Place:Washington, Virginia, United States

Contained Places
Cemetery
Barker Cemetery
Bethel Presbyterian Church Cemetery
Old Glade Spring Presbyterian Church Cemetery
Old Moore Cemetery
Rock Spring Cemetery
Sinking Spring Cemetery
Walnut Grove Cemetery
Census-designated place
Emory-Meadow View
Inhabited place
Abingdon
Alum Wells
Alvarado
Ashleys
Azen
Barker Mill
Benhams
Big Hill
Big Moccasin
Blacksburg
Blackwell
Brumley Gap
Buffalo Ford
Burson Place
Butts
Cedar Bluff
Cedarville
Clinchburg
Craigs Mill
Creek Junction
Cummings Heights
Damascus
DeBusk Mill
Delmar
Drowning Ford
Duncanville
Emory
Evergreen Hills
Fairview
Fleenor Spring
Fleenors
Fractionville
Friendship
Giesley Mill
Glade Spring
Glenford
Goose Pimple Junction
Green Cove
Green Spring
Greendale
Greenfield
Groseclose Corner
Hanckel
Haskell
Hayters Gap
Henderson
High Meadows
Hilander Park
Holston
Kelley's Chapel
Ketron Corner
Ketron
Keywood
Konnarock
Larwood
Laureldale
Leonard
Lime Hill
Lindell
Litz
Lodi
Loves Mill
Lowland
Malcolm
Masada
McCall Gap
McConnell
McKees Store
Meadowview
Mendota
Mock Mill
Mongle Spring
Morningside Hills
Murrayfield
Neff
Oak Grove
Old Glade Spring
Osceola
Parks Mill
Phillip
Pine Grove
Plasterco
Plum Creek
Powell Valley
Preston Hills
Price Hill
Rappahannock
Rich Valley
Rocktown
Roebuck
Roetown
Rush Corner
Rust Hollow
Saltville
Scott Addition
Shakesville
Shortsville
Snodgrass
Spring Creek
St. Clair
Stone Mill
Stump Fort
Taylors Valley
Three Springs
Tumbling Creek
Vails Mill
Vance Mill
Vestal
Walker Place
Wallace
Walnut Grove
Washington Springs
Watauga
White Mill
Widener Valley
Withers
Wolfrun
Woodsdale
Wyndale
Zenobia
Settlement
Castle's Wood ( 1769 - c1800 )
Wolf Hill Tract


Contents

Image:Washington County.jpg

Description

the text in this section is copied from an article in Wikipedia

Washington County is a county located in the Commonwealth of Virginia. As of the 2010 census, the population was 54,876. Its county seat is Abingdon.

Washington County is part of the KingsportBristolBristol, TN-VA Metropolitan Statistical Area, which is a component of the Johnson City–Kingsport–Bristol, TN-VA Combined Statistical Area, commonly known as the "Tri-Cities" region.

History

the text in this section is copied from an article in Wikipedia

For thousands of years, indigenous peoples of varying cultures lived in the area. At the time of European encounter, the Chiska had a chief village near what is now Saltville, destroyed by the Spaniards in 1568. The Cherokee annexed the region from the Xualae around 1671, and ceded it to the Virginia Colony in 1770 at the Treaty of Lochaber.

The county was formed by Virginians in 1776 from Fincastle County. It was named for George Washington, who was then commander-in-chief of the Continental Army. Washington County is among the first geographical regions to be named after the president of the United States.

Washington County was raided by the Chickamauga Cherokee during the Cherokee–American wars. In July, 1776, Chief Dragging Canoe led an attack on Black's Fort (renamed Abingdon in 1778). The area remained prone to attack until after Chickamauga leader Bob Benge was finally slain by settlers in Washington County in 1794.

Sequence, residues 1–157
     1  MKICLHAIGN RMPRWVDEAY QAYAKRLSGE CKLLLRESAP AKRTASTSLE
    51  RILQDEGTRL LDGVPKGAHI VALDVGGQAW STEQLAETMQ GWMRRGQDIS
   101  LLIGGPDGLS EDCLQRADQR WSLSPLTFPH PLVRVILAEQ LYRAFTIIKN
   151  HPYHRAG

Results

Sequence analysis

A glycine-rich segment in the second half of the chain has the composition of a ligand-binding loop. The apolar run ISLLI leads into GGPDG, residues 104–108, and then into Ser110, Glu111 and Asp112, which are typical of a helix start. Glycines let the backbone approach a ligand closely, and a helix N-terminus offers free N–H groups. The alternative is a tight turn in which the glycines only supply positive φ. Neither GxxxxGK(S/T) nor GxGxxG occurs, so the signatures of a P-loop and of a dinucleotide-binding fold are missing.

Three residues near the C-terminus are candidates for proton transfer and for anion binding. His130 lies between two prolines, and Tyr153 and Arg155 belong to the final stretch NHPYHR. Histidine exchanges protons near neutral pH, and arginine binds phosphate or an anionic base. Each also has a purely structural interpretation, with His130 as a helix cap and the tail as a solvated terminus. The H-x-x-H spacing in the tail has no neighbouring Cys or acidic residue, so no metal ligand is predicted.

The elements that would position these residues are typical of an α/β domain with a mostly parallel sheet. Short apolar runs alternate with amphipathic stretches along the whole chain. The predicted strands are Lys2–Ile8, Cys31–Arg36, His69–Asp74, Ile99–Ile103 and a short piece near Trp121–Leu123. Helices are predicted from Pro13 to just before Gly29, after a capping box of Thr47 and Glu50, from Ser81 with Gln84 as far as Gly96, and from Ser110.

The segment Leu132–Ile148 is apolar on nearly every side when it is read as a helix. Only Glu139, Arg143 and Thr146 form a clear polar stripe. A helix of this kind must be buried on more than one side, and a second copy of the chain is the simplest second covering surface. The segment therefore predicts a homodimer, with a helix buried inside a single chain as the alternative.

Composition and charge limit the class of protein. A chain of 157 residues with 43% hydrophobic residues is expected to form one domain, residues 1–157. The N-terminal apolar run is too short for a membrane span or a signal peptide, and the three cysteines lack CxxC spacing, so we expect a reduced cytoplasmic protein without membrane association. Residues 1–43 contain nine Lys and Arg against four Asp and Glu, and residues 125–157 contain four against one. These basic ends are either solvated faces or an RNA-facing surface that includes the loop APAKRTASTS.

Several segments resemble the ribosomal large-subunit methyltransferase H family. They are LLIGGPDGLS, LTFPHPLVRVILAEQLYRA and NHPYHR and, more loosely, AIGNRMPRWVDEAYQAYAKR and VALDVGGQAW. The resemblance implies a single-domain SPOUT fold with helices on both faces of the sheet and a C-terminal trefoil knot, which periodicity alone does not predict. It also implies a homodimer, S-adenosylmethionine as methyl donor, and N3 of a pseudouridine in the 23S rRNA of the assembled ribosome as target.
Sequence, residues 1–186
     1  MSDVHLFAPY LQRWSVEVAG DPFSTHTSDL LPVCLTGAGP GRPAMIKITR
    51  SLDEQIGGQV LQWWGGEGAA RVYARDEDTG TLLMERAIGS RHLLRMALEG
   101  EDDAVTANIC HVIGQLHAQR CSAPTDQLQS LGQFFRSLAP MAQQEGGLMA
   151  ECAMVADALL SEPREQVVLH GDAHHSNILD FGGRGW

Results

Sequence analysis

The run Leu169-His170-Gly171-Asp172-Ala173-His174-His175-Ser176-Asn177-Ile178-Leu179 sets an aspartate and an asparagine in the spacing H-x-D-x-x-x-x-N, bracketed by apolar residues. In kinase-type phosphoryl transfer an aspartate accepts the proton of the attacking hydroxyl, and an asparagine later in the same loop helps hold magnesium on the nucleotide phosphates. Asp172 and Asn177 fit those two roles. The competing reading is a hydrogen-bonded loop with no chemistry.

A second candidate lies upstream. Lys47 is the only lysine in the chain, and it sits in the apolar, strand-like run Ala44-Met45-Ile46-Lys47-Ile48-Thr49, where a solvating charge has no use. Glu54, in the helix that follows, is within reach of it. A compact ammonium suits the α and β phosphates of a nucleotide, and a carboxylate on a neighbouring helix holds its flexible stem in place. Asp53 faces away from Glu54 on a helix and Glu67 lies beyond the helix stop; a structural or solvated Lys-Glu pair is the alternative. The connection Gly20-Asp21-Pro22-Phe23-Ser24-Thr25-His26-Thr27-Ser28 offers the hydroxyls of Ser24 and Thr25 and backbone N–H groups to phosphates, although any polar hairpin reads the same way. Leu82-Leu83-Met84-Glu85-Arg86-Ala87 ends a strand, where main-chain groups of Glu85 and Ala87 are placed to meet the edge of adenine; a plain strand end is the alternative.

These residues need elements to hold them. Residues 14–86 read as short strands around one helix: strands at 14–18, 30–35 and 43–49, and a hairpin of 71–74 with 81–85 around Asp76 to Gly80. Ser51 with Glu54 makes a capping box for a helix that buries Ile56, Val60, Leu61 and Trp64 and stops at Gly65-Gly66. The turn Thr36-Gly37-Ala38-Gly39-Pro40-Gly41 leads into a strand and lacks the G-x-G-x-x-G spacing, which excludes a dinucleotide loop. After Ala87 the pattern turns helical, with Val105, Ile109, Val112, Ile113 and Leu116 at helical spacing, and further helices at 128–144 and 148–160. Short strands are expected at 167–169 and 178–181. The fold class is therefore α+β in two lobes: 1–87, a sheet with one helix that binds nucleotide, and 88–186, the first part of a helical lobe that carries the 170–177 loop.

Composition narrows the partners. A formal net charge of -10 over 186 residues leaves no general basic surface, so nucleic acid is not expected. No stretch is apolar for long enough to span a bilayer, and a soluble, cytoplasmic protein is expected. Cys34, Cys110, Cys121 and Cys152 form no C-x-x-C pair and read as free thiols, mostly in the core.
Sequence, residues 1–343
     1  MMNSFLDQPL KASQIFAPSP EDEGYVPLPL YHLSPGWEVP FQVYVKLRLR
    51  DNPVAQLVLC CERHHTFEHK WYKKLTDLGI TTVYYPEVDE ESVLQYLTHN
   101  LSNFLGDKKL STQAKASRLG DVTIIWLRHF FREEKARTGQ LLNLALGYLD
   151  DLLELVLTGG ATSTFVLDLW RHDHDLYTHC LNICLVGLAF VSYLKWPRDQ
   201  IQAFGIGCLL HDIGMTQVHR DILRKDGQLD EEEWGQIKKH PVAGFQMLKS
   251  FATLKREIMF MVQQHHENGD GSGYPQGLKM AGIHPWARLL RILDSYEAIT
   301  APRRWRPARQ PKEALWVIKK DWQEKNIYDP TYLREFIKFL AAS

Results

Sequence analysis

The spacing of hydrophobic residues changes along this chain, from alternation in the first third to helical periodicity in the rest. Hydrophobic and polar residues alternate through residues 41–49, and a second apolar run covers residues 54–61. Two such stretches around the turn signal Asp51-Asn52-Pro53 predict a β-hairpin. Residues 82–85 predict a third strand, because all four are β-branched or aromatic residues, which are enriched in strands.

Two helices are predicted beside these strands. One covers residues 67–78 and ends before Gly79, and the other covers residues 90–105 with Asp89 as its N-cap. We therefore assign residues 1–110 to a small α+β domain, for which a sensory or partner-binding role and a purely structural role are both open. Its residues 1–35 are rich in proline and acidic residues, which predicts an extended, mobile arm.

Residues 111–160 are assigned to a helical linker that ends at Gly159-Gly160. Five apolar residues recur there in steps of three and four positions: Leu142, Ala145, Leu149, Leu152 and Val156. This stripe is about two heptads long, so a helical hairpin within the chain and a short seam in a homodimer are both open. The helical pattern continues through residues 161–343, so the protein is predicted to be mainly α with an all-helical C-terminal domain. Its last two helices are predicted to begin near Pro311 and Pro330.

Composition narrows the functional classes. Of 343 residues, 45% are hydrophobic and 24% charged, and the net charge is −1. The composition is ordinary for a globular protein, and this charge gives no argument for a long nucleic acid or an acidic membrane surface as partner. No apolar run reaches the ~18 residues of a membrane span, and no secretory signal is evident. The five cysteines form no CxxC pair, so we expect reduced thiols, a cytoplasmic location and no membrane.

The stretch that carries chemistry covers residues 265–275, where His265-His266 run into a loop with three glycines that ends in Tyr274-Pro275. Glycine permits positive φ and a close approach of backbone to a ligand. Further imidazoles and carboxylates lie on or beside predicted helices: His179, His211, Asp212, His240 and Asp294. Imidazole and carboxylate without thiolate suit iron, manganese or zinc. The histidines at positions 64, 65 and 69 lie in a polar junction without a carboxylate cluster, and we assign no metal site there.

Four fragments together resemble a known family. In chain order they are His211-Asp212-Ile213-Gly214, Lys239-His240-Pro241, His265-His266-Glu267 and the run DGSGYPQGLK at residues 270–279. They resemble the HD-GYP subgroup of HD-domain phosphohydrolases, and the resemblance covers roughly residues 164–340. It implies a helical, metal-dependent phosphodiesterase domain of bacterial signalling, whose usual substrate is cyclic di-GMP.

As with many other frontier counties, the boundaries and territory changed over the years. In 1786 the northwestern part of Washington County became Russell County. In 1814 the western part of what remained of Washington County was combined with parts of Lee and Russell counties to form Scott County. In 1832 the northeastern part of Washington was combined with part of Wythe County to form Smyth County. Finally, with the incorporation of the town of Goodson as the independent city of Bristol in 1890, Washington County assumed its present size.

Timeline

Date Event Source
1777 County formed Source:Red Book: American State, County, and Town Sources
1777 Court records recorded Source:Red Book: American State, County, and Town Sources
1777 Probate records recorded Source:Red Book: American State, County, and Town SourcesShelby Ireson Edwards abstracted and published Washington Co., VA Will Book 1 (1777-1792) in 1984. Edwards' Will Book 1 is available from New Papyrus Publishing Co. (around $25). Washington Co., VA Will Books 2-10 were recently abstracted and can purchased online from New Papyrus Publishing Co.. Each book is published in a separate volume ($27-$32 each).
1778 Land records recorded Source:Red Book: American State, County, and Town Sources
1782 Marriage records recorded Source:Red Book: American State, County, and Town Sources
1790 First census Source:Population of States and Counties of the United States: 1790-1990
1853 Birth records recorded Source:Red Book: American State, County, and Town Sources
1980 No significant boundary changes after this year Source:Population of States and Counties of the United States: 1790-1990

Population History

source: Source:Population of States and Counties of the United States: 1790-1990
Census Year Population
1790 5,625
1800 9,536
1810 12,156
1820 12,444
1830 15,614
1840 13,001
1850 14,612
1860 16,892
1870 16,816
1880 25,203
1890 29,020
1900 28,995
1910 32,830
1920 32,376
1930 33,850
1940 38,197
1950 37,536
1960 38,076
1970 40,835
1980 46,487
1990 45,887

Note: Bristol city, formed from Washington County. Annexation after 1970 from Washington (1970 population 4,802).

Research Tips

Sources

source: Getty Thesaurus of Geographic Names
source: Family History Library Catalog



This page uses content from the English Wikipedia. The original content was at Washington County, Virginia. The list of authors can be seen in the page history. As with WeRelate, the content of Wikipedia is available under the Creative Commons Attribution/Share-Alike License.